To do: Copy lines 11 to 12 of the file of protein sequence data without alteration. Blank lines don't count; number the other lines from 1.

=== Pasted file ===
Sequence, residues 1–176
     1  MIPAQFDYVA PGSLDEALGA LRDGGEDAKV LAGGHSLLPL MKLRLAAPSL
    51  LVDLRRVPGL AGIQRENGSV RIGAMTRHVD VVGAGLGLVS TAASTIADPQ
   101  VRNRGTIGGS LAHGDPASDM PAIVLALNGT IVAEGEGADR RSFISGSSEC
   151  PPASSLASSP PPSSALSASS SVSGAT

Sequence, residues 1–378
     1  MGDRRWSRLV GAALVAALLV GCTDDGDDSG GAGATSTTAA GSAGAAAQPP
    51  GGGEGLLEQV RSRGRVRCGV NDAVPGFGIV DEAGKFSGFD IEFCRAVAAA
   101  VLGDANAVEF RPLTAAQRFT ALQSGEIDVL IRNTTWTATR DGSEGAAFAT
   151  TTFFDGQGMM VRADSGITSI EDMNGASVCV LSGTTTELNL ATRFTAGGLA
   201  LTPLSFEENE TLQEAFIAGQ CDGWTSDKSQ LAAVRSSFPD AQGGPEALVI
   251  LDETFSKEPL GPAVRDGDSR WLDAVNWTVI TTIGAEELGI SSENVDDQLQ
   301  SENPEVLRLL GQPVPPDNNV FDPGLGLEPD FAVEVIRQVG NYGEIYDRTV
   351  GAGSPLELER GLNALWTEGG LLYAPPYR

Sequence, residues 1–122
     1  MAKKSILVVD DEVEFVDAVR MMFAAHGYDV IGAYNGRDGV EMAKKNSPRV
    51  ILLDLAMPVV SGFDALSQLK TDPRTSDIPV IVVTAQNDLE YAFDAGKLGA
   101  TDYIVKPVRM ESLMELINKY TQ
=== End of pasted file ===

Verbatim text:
   201  LTPLSFEENE TLQEAFIAGQ CDGWTSDKSQ LAAVRSSFPD AQGGPEALVI
   251  LDETFSKEPL GPAVRDGDSR WLDAVNWTVI TTIGAEELGI SSENVDDQLQ